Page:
Survey: Back-to-school shoppers will spend more, but wisely
Parents making back-to-school purchases are willing to open their wallets, if the price is right.
That’s according to a new study from digital savings platform RetailMeNot Inc., "Back-to-School Cheat Sheet: Consumer Trends and Insights for Retailers," back-to-school shoppers plan to spend an average of $273 per child, up from their anticipated spending of $246 in 2015.
Nearly nine in 10 parents surveyed (86%) plan on shopping for back-to-school supplies this summer. More than two in five (42%) said that they plan to spend between $100 and $500 per student this fall. Another 12% plan to spend more than $500 on back-to-school merchandise for each child.
However, more than half (56%) of respondents look for back-to-school deals regularly. Nearly one-third (28%) of parents said that back-to-school shopping is a strain on their family's finances. Females are more likely than males to always seek a deal.
When evaluating a promotion, the most popular offer is a percentage off the total purchase (38%). Tax-free savings are especially popular among many consumers in the South. And deals are popular with shoppers regardless of their household income. Of those respondents who earned $150,000 or more a year, one in three say that they search for deals every time they shop.
The majority of parents still prefer to head in-store, with more than half (56%) expecting to buy supplies mostly or completely in a physical store. There is good news for retailers hoping to catch online shoppers, as well. Thirty-two percent of consumers will shop equally online and in-store for back-to-school items. Fewer than one in 10 will shop mostly or completely online.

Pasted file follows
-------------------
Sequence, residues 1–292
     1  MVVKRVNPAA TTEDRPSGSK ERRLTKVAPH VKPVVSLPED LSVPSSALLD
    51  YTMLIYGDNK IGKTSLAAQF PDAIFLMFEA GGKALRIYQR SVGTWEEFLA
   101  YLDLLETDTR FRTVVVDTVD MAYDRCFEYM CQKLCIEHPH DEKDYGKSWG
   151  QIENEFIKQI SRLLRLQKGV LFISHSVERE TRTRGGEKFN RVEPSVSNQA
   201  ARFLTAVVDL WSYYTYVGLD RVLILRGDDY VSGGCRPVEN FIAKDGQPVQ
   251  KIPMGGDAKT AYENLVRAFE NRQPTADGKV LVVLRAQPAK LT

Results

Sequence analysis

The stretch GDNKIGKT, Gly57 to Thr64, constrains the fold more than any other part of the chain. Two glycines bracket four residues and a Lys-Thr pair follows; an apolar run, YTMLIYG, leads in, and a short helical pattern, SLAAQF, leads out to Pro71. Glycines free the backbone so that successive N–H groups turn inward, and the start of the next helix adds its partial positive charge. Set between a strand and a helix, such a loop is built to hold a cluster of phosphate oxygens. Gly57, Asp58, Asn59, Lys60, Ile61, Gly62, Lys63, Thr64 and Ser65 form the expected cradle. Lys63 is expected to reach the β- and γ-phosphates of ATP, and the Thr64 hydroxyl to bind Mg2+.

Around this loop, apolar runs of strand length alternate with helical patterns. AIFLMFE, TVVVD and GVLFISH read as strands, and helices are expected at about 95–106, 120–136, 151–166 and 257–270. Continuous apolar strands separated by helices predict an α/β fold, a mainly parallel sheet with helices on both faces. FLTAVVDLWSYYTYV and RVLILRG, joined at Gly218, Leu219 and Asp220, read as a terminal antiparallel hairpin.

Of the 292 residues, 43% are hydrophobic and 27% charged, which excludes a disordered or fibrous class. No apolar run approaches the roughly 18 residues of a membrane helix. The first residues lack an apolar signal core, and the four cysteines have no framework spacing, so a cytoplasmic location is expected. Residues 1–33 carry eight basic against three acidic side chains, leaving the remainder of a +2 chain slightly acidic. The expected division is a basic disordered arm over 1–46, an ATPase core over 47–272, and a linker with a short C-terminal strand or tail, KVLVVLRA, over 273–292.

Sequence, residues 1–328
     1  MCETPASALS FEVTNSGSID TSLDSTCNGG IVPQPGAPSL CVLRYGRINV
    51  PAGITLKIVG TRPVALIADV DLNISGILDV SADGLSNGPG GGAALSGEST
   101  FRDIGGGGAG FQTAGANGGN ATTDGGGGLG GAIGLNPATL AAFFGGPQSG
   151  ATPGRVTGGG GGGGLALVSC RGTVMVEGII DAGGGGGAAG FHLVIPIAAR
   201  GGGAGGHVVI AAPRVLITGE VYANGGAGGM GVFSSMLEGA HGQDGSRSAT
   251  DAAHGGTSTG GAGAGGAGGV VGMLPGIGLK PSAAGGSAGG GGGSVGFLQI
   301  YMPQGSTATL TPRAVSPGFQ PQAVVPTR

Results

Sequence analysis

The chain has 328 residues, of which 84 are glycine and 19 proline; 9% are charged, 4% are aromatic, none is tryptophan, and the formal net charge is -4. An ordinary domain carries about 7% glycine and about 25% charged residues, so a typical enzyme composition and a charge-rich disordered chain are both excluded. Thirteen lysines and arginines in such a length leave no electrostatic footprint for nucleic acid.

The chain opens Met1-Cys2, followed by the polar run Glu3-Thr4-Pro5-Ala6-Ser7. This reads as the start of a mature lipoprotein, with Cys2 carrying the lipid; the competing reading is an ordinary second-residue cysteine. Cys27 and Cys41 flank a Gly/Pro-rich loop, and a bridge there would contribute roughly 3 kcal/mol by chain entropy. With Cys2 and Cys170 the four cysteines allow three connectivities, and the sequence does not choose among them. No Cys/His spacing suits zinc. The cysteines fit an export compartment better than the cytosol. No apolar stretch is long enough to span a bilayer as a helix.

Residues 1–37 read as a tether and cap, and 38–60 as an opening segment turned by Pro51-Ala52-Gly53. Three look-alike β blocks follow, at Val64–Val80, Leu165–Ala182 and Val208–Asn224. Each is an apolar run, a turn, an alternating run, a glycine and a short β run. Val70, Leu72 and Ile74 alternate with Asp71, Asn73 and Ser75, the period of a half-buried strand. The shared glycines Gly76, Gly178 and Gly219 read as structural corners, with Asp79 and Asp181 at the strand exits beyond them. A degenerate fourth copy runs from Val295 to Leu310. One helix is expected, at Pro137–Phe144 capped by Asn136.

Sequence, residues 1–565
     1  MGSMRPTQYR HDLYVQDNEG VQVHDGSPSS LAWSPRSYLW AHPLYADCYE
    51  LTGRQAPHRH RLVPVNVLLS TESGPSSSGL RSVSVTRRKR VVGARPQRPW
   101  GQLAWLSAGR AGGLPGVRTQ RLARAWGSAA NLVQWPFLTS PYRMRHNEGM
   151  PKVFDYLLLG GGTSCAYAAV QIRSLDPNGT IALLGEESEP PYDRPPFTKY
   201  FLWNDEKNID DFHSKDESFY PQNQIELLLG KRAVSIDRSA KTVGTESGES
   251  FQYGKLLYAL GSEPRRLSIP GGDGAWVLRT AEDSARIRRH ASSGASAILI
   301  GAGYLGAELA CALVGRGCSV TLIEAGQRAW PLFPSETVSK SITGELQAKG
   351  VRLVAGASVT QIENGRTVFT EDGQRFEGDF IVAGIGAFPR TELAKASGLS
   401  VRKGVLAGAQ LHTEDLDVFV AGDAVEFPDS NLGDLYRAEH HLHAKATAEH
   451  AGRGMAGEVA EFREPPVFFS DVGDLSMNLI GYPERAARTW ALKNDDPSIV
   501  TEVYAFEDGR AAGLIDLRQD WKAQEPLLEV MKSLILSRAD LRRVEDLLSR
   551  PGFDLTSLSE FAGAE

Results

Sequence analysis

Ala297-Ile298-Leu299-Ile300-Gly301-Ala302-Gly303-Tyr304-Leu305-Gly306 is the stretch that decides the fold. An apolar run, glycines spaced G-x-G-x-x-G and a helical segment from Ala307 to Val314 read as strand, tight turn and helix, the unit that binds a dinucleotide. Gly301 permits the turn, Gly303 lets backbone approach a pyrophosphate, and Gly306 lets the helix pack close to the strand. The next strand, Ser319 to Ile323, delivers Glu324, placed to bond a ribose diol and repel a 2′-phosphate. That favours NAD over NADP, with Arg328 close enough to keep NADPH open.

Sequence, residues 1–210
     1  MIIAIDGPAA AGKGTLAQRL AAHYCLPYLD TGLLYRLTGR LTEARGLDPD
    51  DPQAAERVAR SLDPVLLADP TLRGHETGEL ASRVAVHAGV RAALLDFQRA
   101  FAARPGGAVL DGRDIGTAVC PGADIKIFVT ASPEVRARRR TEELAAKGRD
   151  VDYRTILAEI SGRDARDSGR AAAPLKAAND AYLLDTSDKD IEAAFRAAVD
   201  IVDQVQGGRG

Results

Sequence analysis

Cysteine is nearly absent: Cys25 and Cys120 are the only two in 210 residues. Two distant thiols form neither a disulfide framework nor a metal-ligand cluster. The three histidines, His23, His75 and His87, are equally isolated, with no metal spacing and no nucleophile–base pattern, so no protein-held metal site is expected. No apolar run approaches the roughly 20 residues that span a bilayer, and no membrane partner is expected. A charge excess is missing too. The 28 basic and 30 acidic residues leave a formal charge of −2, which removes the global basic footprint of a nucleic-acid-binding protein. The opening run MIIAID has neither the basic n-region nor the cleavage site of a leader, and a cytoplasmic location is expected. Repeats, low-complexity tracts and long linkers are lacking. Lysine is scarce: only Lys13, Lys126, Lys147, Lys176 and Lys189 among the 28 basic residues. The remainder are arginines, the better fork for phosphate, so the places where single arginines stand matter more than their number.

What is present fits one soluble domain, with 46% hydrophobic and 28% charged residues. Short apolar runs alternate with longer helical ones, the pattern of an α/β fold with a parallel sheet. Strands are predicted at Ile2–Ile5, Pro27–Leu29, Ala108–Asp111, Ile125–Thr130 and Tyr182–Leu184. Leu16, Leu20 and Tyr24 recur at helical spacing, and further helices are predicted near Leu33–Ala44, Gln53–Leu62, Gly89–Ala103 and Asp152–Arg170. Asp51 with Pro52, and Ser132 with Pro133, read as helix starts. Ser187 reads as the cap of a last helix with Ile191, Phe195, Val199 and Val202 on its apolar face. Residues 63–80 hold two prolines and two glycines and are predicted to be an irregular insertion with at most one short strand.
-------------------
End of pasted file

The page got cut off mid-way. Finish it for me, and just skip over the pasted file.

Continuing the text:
Back-to-school shopping habits vary, including how often and when shoppers make it to the stores. Most parents prefer to begin their shopping later in the season, with 50% preferring to start in August or September. However, nearly two in five (38%) parents will begin in June or July, the majority of those beginning in July. More than any other region, consumers in the South (where the new school year often starts in early August) tend to shop earlier, with 37% starting in July.
Looking at how respondents time their back-to-school purchases, 26% say they buy items as they go on sale, 24% do all of their shopping on one weekend, and 23% plan to shop several days or weeks throughout the summer. One in five say that they shop throughout the year, as do one in three respondents who plan to spend$1,000 or more.
Results are based on two separate surveys of Americans age 18 and older. The first survey was conducted among 1,011 respondents using Google Consumer Surveys between June 8 and 10, 2016. The second survey was conducted by Kelton Global between June 10 and 16, 2016, among 1,007 respondents.
Urban Outfitters joins the political fray
Urban Outfitters, which has a history of selling products that can sometimes cause offense (at least to some consumers), has entered the presidential debate.
The chain is offering a range of merchandise criticizing Donald Trump, Bloomberg reported, including a book of Trump quotations styled to look like Chinese communist leader Mao Zedong’s Little Red Book.
“It is unusual for a company to step so boldly into politics, particularly in a campaign as polarizing as this one,” Allen Adamson, who runs the branding firm Brand Simple Consulting, told Bloomberg. For more, click here.
Report: Nordstrom buys stake in supply chain software firm
Nordstrom has taken another step to reduce complexity in its supply chain and improve its shipping of online orders.
The retailer has bought a minority stake in DS Co., a software company that links inventory management between retailers and suppliers, the Wall Street Journal reported. The company, based in Utah, offers a cloud-based service, called Dsco, which makes it easier for suppliers to directly ship orders placed through their retail partners.
The investment will be used to expand the software company’s technology team and develop more data analysis capabilities, according to the report.
“Dsco is helping to improve [customers’] online experience by reducing complexity in our supply chain,” Ken Worzel, executive VP of strategy and development at Nordstrom, said in the report.
He added the retailer plans to make more investments in companies like Dsco.